Lack of balance
REX HARLEY experiences Il Vero Modo
in Cardiff on 12 February 2004
I came to this concert with high expectations, and left with a headache. Yet there were good things in between. This odd experience brought back a memory of a very different concert some years ago, in Edinburgh. On that occasion the performer was singer/guitarist John Martyn. It was a solo session at a small, even intimate, venue. He sang ballads to the accompaniment of acoustic guitar, which the audience loved; and horrendously loud, thrashy numbers to electric guitar and drum-machine. The more we begged him to stick to the ballads, the louder he cranked up the volume on the electronics. He was clearly feeling mischievous that night.
Il Vero Modo are, I suppose, a world apart musically speaking: a trio of young musicians -- finalists in last year's International Early Music Network Young Artists' Competition -- Steven Devine on chamber organ and harpsichord, Jamie Savan on cornetto, and soprano Faye Newton. Their concert, entitled Per Cantare e Sonare, consisted of pieces by Monteverdi and his lesser-known contemporaries, the cornetto often standing in for a second voice. And it began strongly, with Monteverdi's Venite Venite. All the notes in the right place and delivered with confidence and panache. Next came a duet for chamber organ and cornetto by Palestrina, in which Jamie Savan showed what a master he already is of this tricky instrument. Physically, he put me in mind of a cross between a young Michael Palin and the late, lamented David Munrow. Certainly he plays with the verve, and obvious love of his instrument, of the latter; and in his own, gentle, scholarly way, as he talked to the audience, he showed the wit of the former. All seemed set fair.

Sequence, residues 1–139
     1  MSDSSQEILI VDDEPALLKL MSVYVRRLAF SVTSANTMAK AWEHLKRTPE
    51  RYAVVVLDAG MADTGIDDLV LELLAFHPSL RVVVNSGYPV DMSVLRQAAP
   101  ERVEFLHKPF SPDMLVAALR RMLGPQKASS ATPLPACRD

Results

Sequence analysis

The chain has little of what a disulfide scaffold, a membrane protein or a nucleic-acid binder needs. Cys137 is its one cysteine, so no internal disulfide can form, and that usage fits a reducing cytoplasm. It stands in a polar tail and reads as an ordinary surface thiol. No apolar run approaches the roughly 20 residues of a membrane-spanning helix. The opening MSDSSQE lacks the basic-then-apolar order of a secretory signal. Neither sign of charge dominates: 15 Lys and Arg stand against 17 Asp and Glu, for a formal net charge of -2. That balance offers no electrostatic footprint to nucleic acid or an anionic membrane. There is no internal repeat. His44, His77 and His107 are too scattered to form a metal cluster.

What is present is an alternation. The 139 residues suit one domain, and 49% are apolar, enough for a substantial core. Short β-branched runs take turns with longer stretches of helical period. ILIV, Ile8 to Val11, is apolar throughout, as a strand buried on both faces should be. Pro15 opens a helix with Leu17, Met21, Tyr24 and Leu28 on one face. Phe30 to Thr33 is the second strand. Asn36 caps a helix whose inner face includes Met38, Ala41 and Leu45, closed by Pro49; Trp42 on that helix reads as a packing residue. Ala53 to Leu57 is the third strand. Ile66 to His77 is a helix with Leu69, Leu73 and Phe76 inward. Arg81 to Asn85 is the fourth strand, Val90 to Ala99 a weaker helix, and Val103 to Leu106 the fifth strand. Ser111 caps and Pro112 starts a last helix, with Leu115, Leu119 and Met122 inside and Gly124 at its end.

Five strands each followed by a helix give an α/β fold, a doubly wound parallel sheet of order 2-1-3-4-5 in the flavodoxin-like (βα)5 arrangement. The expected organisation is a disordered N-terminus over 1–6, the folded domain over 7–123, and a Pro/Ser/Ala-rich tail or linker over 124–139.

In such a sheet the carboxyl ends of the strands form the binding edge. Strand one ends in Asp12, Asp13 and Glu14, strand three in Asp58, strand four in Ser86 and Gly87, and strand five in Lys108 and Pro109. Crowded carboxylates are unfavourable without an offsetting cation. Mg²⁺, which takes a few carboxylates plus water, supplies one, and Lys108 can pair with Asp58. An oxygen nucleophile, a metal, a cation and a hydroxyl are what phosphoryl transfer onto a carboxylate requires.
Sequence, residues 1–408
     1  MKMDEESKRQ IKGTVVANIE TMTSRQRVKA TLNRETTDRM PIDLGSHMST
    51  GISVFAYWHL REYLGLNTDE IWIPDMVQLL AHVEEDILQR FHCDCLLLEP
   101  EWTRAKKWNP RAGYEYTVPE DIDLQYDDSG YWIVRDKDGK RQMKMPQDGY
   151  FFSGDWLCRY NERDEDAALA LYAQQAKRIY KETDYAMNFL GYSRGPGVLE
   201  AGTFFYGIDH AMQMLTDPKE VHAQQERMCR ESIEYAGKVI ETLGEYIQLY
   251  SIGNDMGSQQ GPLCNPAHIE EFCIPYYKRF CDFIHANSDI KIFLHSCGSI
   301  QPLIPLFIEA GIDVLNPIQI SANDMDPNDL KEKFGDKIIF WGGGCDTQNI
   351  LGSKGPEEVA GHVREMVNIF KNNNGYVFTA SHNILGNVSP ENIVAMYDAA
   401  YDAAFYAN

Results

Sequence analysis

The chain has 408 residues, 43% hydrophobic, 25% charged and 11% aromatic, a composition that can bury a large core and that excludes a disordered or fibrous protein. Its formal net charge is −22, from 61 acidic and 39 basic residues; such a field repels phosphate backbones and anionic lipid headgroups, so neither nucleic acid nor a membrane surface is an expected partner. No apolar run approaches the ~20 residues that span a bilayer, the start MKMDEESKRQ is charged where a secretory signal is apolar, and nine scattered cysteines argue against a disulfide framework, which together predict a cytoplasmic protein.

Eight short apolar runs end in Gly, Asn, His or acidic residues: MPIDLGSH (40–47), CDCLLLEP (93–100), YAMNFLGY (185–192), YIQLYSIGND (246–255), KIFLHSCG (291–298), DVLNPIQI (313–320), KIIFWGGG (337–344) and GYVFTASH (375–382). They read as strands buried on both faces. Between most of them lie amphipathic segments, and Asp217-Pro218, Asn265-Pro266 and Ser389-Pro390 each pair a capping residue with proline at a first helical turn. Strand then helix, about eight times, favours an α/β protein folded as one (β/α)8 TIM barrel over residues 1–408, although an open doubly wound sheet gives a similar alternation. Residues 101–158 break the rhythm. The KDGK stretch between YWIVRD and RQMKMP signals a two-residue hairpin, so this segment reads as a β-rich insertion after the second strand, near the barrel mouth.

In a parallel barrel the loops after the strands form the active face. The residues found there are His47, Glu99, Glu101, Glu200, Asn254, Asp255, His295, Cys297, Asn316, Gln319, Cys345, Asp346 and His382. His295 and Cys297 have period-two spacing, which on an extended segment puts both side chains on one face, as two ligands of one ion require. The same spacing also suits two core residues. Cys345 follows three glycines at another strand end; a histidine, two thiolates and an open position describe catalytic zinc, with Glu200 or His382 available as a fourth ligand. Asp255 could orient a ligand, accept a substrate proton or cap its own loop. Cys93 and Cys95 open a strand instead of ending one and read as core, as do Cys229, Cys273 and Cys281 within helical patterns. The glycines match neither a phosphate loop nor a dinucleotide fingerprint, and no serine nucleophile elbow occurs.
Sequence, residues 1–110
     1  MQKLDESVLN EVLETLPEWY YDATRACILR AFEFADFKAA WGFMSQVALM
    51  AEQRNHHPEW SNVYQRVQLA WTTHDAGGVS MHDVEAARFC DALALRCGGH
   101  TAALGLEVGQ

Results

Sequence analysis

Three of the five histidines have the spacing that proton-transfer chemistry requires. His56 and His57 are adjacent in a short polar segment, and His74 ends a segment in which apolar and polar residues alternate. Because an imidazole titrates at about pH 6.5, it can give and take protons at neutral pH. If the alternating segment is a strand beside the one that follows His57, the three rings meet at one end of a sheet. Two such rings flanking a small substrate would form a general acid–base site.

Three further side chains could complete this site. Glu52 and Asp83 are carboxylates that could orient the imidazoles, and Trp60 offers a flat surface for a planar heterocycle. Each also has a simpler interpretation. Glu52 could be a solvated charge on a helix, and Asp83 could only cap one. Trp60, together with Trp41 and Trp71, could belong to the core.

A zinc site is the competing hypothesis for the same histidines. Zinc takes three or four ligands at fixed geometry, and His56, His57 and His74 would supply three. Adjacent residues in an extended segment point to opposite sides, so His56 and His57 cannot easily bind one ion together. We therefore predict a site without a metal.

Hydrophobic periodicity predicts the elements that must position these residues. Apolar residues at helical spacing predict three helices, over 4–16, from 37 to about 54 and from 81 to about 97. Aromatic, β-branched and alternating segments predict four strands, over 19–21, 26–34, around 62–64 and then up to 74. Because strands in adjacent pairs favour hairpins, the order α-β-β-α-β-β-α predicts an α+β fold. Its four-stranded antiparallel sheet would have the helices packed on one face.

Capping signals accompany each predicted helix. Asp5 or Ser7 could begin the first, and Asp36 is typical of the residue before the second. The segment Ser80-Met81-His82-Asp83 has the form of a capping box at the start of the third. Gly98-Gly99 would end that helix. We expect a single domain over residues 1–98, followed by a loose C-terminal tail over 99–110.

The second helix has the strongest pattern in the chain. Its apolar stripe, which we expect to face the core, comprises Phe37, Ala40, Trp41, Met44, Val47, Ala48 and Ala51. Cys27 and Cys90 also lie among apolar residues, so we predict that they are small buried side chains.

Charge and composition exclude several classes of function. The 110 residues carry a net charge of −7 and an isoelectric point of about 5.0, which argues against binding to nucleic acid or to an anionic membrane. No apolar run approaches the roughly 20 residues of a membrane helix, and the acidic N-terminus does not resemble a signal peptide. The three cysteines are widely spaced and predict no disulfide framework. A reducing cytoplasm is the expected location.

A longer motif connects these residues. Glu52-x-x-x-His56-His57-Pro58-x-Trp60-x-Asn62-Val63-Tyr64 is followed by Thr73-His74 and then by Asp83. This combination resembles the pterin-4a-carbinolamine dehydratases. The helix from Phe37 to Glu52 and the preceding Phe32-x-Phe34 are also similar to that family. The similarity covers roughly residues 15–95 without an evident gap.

Copyright © 17 February 2004
Rex Harley, Cardiff UK